After a buffeting during the global financial crisis, the superyacht industry appears to be charting a course towards calmer waters. Yacht builders and yacht brokers attending the 2012 Dubai International Boat Show are in a confident mood for the first time in 3 years, as the industry appears to be coming out of the doldrums.
The global financial crisis that began in 2008 delivered a body blow to the makers of luxury yachts, with orders for superyachts especially hard hit and a slew of builders going out of business.
But yachting industry watchers say that although there is no overall marked upturn, the rate of decline is slowing, and in some sectors has turned the corner and is back on the up.
“I think the market has stabilized, and we can see that the majority of the key players today are seeing good activity. I’m optimistic for the next five years,” said Martin Redmayne, the chairman of The Superyacht Group, the leading industry analyst. “The fleet has grown and will continue to grow, but at a more stable pace.”
Tim Thomas, the editor of Boat International, agrees. He said the magazine’s “global order book for 2012 is down again. This is the third year of decline in the number of yacht projects under way or on order”. However, Mr Thomas added: “The descent has slowed to just under a 3 per cent decline year on year. And the industry appears to be getting some traction.”
A record number of member companies from the Superyacht Builders Association will be exhibiting at this year’s Dubai Boat Show, according to the event organizer, Dubai World Trade Centre.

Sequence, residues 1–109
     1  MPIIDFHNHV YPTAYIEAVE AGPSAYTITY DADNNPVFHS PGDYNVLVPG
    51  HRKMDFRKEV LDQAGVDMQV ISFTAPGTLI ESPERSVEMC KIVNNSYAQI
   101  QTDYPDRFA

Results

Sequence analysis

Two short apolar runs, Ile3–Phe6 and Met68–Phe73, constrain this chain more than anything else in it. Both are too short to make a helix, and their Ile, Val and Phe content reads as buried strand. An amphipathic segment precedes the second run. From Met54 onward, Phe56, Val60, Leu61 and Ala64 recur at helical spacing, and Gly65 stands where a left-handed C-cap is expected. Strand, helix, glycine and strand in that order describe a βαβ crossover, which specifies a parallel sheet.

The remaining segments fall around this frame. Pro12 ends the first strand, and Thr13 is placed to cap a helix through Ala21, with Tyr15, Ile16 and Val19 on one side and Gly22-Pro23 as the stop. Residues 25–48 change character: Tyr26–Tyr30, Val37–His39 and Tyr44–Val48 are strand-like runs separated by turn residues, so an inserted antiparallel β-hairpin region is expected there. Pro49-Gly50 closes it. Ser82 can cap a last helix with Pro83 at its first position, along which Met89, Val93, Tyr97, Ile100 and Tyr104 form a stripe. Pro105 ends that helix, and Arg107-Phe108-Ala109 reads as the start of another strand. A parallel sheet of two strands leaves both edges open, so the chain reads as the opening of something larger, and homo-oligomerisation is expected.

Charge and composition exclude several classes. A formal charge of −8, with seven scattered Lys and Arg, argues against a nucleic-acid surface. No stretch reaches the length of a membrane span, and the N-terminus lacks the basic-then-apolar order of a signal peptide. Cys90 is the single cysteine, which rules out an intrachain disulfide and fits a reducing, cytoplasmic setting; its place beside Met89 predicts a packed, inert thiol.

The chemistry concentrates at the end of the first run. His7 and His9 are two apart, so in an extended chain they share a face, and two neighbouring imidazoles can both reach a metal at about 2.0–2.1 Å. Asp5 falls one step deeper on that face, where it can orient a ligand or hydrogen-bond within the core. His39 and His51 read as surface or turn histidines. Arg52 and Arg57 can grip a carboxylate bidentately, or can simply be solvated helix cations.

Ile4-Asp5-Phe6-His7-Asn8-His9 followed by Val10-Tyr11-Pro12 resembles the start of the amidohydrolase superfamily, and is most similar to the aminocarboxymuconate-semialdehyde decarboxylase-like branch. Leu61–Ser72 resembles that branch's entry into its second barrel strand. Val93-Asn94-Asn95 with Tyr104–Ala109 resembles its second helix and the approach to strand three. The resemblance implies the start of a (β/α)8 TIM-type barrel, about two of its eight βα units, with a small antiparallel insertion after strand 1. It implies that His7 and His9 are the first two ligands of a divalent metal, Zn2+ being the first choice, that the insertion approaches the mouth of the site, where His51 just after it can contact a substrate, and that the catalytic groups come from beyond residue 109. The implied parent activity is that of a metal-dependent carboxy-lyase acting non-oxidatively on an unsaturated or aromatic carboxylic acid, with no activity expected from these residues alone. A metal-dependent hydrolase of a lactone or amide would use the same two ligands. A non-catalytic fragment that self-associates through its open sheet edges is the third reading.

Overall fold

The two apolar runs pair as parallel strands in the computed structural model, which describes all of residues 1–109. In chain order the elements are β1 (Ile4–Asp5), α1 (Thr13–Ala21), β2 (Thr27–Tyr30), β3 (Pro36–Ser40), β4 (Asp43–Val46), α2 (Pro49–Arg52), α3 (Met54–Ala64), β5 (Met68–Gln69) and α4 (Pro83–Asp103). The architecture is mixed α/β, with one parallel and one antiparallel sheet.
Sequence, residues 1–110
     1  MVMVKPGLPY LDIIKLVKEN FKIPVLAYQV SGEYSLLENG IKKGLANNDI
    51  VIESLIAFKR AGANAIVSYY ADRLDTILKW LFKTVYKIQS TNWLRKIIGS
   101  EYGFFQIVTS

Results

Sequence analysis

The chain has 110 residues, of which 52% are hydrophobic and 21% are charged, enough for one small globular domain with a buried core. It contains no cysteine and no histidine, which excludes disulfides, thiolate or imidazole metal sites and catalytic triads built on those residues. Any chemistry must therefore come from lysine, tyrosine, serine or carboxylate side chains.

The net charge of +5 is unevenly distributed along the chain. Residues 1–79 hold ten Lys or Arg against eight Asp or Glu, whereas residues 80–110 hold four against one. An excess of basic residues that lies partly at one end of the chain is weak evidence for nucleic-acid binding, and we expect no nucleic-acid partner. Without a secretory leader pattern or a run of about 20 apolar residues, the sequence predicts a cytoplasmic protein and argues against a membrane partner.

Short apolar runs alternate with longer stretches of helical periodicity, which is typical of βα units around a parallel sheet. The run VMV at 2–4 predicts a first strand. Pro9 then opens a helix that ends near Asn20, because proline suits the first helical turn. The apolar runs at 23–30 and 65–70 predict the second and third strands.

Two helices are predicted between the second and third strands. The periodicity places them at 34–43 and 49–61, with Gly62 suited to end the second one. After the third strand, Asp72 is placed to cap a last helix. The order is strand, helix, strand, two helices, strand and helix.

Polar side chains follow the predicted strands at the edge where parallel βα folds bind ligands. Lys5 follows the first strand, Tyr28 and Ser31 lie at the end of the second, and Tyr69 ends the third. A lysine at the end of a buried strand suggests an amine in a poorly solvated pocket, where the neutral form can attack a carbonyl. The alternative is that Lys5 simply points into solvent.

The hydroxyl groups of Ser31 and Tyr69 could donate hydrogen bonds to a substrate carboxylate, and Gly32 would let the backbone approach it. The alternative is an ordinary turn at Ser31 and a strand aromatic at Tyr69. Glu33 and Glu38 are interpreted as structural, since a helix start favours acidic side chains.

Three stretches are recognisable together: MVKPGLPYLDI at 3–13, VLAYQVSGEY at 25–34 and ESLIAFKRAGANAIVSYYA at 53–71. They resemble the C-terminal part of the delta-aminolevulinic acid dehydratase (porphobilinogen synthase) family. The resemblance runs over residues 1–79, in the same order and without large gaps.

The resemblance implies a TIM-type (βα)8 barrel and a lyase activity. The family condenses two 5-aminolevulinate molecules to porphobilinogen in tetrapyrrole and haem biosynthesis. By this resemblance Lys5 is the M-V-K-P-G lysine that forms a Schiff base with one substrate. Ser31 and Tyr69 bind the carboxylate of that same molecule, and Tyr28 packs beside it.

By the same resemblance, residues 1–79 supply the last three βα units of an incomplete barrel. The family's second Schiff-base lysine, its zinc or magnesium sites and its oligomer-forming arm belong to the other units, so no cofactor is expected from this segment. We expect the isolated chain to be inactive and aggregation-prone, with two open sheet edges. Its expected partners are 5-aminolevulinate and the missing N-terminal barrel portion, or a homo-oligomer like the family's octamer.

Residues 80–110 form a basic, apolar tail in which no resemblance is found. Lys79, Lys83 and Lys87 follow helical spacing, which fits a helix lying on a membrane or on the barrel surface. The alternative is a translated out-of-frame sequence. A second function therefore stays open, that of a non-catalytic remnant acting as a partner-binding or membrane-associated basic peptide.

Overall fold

The show runs from Tuesday to Saturday at the Dubai International Marine Club, with 750 exhibitors from more than 40 countries billed to attend. The organizers say they expect more than 25,000 visitors.
The latest edition of Mr Redmayne’s Superyacht Annual Report, recognised as the industry benchmark, shows how significant the industry is to the world economy.
Latest figures showed the superyacht market was worth €24 billion (Dh115.6bn) in 2010, with more than 6,000 companies operating in the industry, the report said. Jobs created by superyachts were worth €5.99bn annually, with up to 250,000 land-based jobs, and 33,000 crew employed on yachts.
The report said the superyacht industry prospects for this year were positive and noted that although the world order book in number of vessels had diminished, as had the number of yards building vessels today, the number of meters in build, or total length overall (LOA) – a traditional measure of prosperity in the industry – had grown by about 3,500 meters LOA.
In 2010, there were 99 shipyards building 453 yachts totaling 20,772 meters LOA; today the report is tracking 79 shipyards building 423 yachts, totaling 23,371 meters LOA.
“This suggests that we have lost some short-term players from the market, but we are seeing stability and growth at the existing yards, which should be good for the long term,” the report said.
Mr Redmayne added: “It will be interesting to track what happens over the next 12 months and if the number of yards grows or reduces as deliveries are made this year.
“We are seeing signs of growth and stability, and even though some companies have definitely felt the pain of the past few years, our industry revenues and fleet increase should point towards a prosperous future.” He continued: “With 34% of the current order book made up of new orders signed in 2011, it suggests a good market position.
“Yes, the economic shifts in the world economy are still happening and, yes, governments are squeezing tax revenues, attempting to reduce their domestic debt piles and subsequently targeting the wealthy, but there is definitely a clear position in the HNWI [high-net-worth-individuals] sector, that the rich have got richer. We just need to ensure that yachting, and the opportunity to invest in this emerging industry, delivers a positive message.”
Source: The National